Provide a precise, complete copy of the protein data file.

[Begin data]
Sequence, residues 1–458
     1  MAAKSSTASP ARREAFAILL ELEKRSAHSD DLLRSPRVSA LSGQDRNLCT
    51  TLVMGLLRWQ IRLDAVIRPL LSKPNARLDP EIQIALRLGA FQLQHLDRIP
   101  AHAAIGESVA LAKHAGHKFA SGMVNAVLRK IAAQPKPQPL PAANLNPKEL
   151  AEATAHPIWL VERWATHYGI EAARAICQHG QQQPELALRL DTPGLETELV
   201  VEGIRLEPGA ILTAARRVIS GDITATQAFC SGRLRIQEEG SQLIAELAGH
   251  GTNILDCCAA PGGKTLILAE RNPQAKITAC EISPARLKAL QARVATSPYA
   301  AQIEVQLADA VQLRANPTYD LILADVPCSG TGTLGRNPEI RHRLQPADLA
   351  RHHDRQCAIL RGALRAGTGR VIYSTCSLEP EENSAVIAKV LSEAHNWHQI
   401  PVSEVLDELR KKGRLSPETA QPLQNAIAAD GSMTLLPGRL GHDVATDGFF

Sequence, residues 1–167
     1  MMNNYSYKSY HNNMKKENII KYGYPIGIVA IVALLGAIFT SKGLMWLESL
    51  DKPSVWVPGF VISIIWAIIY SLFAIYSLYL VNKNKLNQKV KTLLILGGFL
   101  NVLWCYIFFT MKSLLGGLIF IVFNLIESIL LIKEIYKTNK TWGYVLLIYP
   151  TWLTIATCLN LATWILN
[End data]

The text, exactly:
Sequence, residues 1–458
     1  MAAKSSTASP ARREAFAILL ELEKRSAHSD DLLRSPRVSA LSGQDRNLCT
    51  TLVMGLLRWQ IRLDAVIRPL LSKPNARLDP EIQIALRLGA FQLQHLDRIP
   101  AHAAIGESVA LAKHAGHKFA SGMVNAVLRK IAAQPKPQPL PAANLNPKEL
   151  AEATAHPIWL VERWATHYGI EAARAICQHG QQQPELALRL DTPGLETELV
   201  VEGIRLEPGA ILTAARRVIS GDITATQAFC SGRLRIQEEG SQLIAELAGH
   251  GTNILDCCAA PGGKTLILAE RNPQAKITAC EISPARLKAL QARVATSPYA
   301  AQIEVQLADA VQLRANPTYD LILADVPCSG TGTLGRNPEI RHRLQPADLA
   351  RHHDRQCAIL RGALRAGTGR VIYSTCSLEP EENSAVIAKV LSEAHNWHQI
   401  PVSEVLDELR KKGRLSPETA QPLQNAIAAD GSMTLLPGRL GHDVATDGFF

Sequence, residues 1–167
     1  MMNNYSYKSY HNNMKKENII KYGYPIGIVA IVALLGAIFT SKGLMWLESL
    51  DKPSVWVPGF VISIIWAIIY SLFAIYSLYL VNKNKLNQKV KTLLILGGFL
   101  NVLWCYIFFT MKSLLGGLIF IVFNLIESIL LIKEIYKTNK TWGYVLLIYP
   151  TWLTIATCLN LATWILN